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“Game changer” tax break to boost North Sea exploration

The UKCS Workforce Dynamics Review has been produced by OPITO and RGU.
Iona Energy had a number of projects in the North Sea before it went under.

Chancellor George Osborne will today announce plans for a “game changer” tax break to boost North Sea oil and gas exploration.

The allowance for ultra high pressure, high temperature fields will create billions of pounds worth of investment and thousands of jobs, the Conservative MP said.

Mr Osborne said the UK Government was responding to requests from the sector as remaining reserves become harder and more expensive to extract.

Industry body Oil and Gas UK last night welcomed the move and said the current tax regime was viewed as a “barrier to investment”.

The government said the new allowance would build on Sir Ian Wood’s recommendations for maximising economic production of oil and gas.

Sir Ian’s review estimated there are between 12-24billion barrels of oil remaining, although the Office for Budget Responsibility (OBR) recently revised down its forecasts.

The new allowance, designed to support investment in “technically challenging” projects and encourage exploration in surrounding areas, will reduce tax on a portion of a company’s profits from 62% to 30% at current rates.

Mr Osborne, speaking during a visit to Bibby Offshore Ltd in Westhill, Aberdeenshire, said: “We are announcing the consultation on a really big new tax break which the industry themselves I think have described as a ‘game changer’ for the North Sea oil and gas exploration – that’s the ultra high pressure, high temperature tax break field allowance.

“This will mean we can go ahead with some really big investments in the middle of the North Sea, particularly the Culzean field, and that will create billions of pounds of investment, thousands of jobs. It’s an example of us responding to the requests of the industry.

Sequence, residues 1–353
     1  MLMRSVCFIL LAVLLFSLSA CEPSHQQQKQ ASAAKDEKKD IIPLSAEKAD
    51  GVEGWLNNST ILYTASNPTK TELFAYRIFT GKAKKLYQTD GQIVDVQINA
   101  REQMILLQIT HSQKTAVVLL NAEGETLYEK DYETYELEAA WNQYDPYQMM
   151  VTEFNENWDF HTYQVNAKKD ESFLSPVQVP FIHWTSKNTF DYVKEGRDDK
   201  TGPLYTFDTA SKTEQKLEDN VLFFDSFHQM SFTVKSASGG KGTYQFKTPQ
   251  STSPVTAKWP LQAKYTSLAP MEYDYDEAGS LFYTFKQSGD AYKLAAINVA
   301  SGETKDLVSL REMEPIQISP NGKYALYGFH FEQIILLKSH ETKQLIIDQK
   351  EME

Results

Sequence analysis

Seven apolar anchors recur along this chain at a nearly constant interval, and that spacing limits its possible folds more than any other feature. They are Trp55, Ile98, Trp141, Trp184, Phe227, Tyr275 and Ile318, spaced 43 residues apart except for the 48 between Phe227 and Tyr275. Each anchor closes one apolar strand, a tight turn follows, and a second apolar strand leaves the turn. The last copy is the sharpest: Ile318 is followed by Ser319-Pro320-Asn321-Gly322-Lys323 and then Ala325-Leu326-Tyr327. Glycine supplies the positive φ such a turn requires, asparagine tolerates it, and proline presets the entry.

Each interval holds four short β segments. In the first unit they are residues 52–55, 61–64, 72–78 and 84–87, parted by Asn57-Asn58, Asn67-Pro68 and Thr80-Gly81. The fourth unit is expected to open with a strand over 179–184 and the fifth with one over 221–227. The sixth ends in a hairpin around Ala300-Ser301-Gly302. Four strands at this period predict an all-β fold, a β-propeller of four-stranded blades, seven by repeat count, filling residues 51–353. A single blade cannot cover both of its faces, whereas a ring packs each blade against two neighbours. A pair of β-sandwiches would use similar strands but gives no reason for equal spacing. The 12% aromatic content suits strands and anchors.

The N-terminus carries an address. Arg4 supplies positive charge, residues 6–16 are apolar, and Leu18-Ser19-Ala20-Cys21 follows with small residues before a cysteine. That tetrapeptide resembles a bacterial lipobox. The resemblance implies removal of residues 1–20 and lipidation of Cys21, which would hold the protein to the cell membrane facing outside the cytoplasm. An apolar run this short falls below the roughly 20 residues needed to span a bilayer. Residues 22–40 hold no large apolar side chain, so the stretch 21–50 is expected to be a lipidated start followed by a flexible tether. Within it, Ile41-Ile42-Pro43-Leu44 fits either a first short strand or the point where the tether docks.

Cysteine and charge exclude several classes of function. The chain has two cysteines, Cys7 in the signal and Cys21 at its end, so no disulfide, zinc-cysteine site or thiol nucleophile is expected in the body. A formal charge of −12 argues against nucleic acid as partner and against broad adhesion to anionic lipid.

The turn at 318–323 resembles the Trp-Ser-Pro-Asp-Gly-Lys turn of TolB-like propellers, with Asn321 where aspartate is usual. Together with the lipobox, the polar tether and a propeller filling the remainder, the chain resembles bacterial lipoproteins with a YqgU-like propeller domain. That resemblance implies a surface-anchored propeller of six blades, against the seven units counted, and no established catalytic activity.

“They wanted us to support these new developments, and it is part of a broader strategy to make sure we have an oil and gas regime that is fit for the future, fit for the maturity of the North Sea basin, and also one that is going to secure jobs and investment here in Aberdeen and Aberdeenshire for many decades to come.”

Michael Tholen, Oil and Gas UK’s economics director, said the body welcomed the announcement on a formal consultation on how best to incentivise exploration on the UK Continental Shelf (UKCS).

He said: “Post consultation, we also hope that the allowance can be used as a blueprint for incentivising new technology investment in the UKCS.

“Experience shows ultra high pressure, high temperature fields are technically demanding and commercially difficult to develop, the current tax regime is seen by all to be a barrier to investment.

“The government will need to work closely with industry to develop a simple allowance which promotes investment in uHPHT, encourages exploration of the surrounding area to fully utilise the potential of any resulting new infrastructure; a complex solution could lead to the wrong outcome.”

Mr Tholen said the move had to be “seen in the wider context” of the Treasury’s separate consultation on the overall fiscal regime for the UKCS.

He added: “A fundamental recalibration of the fiscal regime is essential if we are to build on Sir Ian’s recommendations and send a strong signal that the UKCS is open for investment.”

The government said it “welcomes” responses from industry, and will announce the final policy design in the autumn.

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